How Have Apprenticeships Changed?
The Supreme Court is constantly changing the landscape of the way unions work. Union members are fighting for better working conditions, stronger training support, and comprehensive benefits. This is becoming a heavy matter especially with the growth of many trade professions. Fortunately, the future of labor unions looks bright with the aid of apprentice training. As there is a greater focus on higher education and workforce development, we can expect steady participation in these trade training courses.
Many trends show that the future of apprenticeship training is in good hands. Apprenticeships are growing throughout the United States and in a good way. These are some of the most impactful changes in apprenticeship training currently:
More Commonly Attainable:
Today, more and more students are taking on an apprentice training program. Generations of younger talent choose to enroll in these trade practices as an alternative to college. Instead of spending 4+ years chasing a degree, apprentices will complete this hands-on program in just half the time span.
More Than Just Industrial Training Programs:
Apprenticeships used to be dedicated for labor-intensive industrial career paths. Now, several programs are designed to sharpen one’s skills in a sector other than construction trades. More young people are taking on these job training sessions to gain more hands-on experience in engineering, IT, sports and leisure, healthcare, and hospitality management fields.
Slightly More Women Apprentices:
Nowadays, it’s very common for women to take on some type of apprenticeship training as they transition into the workforce. Although apprenticeships are mainly a male demographic, we are starting to see a steady growth in female participation. With more education and training opportunities expanding in different industries, we can expect to see more female apprentices.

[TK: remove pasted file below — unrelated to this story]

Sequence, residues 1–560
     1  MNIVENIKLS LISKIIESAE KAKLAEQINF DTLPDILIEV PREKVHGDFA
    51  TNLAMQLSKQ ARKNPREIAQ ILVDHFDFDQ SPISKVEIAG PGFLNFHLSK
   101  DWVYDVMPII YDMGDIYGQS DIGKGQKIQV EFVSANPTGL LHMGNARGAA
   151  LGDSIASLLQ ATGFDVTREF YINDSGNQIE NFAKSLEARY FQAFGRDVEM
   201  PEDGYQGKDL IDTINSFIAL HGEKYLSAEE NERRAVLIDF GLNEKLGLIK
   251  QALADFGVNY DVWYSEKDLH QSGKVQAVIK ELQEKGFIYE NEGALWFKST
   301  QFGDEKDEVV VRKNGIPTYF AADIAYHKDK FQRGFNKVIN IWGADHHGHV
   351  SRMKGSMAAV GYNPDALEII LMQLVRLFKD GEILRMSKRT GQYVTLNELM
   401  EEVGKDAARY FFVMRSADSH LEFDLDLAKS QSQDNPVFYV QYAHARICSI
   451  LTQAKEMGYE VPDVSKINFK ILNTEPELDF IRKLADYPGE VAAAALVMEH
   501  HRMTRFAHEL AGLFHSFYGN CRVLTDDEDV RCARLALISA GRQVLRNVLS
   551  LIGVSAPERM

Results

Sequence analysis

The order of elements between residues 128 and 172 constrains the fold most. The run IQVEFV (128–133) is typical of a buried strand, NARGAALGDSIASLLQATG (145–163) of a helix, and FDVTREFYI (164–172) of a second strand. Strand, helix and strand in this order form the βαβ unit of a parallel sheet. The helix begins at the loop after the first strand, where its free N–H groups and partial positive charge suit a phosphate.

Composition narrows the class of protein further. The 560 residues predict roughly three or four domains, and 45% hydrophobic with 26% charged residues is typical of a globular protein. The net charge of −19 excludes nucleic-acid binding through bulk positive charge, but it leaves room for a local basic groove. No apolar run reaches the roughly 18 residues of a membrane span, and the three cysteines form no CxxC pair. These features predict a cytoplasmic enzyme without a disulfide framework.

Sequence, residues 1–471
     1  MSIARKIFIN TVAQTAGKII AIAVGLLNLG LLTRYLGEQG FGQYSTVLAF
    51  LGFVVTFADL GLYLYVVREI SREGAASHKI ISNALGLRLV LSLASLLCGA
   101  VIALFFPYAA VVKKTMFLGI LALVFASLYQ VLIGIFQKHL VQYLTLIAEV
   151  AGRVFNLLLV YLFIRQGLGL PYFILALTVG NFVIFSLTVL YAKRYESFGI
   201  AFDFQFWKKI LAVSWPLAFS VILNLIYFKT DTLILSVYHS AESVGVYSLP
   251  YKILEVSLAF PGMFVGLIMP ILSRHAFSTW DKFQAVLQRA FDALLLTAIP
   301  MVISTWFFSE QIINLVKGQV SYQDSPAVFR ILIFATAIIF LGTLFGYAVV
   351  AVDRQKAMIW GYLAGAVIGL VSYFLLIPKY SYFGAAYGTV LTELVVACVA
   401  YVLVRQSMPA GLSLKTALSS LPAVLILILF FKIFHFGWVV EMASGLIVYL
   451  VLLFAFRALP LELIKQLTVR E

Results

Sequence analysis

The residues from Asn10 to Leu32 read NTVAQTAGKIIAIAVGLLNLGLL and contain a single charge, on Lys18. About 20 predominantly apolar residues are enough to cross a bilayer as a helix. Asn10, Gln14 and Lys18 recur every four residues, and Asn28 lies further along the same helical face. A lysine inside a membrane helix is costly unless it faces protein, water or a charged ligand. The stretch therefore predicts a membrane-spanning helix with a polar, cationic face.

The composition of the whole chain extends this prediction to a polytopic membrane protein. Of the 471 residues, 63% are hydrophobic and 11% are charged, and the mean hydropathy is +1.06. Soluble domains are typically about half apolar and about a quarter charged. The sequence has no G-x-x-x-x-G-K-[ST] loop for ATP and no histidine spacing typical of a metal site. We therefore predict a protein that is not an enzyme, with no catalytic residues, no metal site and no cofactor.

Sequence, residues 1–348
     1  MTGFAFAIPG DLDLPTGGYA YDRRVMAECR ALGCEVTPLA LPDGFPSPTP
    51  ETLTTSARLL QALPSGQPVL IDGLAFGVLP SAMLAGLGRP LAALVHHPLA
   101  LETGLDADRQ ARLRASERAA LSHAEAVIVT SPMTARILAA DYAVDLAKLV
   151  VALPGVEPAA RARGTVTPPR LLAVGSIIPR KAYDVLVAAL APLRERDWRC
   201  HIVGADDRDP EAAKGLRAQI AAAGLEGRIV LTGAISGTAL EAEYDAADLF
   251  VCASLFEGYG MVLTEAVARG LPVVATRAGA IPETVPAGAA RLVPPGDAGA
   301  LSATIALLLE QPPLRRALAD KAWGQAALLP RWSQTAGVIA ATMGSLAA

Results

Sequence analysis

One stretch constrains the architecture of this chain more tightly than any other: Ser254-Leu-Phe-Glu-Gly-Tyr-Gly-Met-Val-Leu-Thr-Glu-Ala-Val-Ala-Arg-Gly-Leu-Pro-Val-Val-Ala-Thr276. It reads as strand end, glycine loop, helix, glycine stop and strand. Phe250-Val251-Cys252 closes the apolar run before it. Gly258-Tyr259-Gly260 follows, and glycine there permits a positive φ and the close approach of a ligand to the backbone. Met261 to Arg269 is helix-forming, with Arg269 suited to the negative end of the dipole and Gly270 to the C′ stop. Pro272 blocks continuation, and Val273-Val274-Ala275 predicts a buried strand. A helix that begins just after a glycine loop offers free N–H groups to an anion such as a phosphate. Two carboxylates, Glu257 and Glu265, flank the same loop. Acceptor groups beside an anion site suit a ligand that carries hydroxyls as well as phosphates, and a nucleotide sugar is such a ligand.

Males Apprentices Earn Higher Wages:
Despite a steady rise in female apprentices, men tend to earn much more in this job setting. This gap only continues to expand as time progresses. According to a report by Bizwomen, women are earning a median of $11.49 an hour after completing an apprenticeship program. This is nearly $16 less than a men’s average wage-earning of $27.25.
Better Working Conditions:
When you become an apprentice, you become an official employee of a union group. As an apprentice, you aren’t just a trainee or intern. All apprentices are treated as a vital part of the team and are typically able to capitalize on the same benefit opportunities as a full-time employee.
Advanced Level Achievements:
As time goes on, there are many levels of achievement that one could earn from an apprenticeship program. Unions used to offer only one certification for completing an apprenticeship. Now, more people have the ability to advance their education and training in different fields. People can take on intermediate, advanced, and higher-level learning courses to sharpen their skill sets.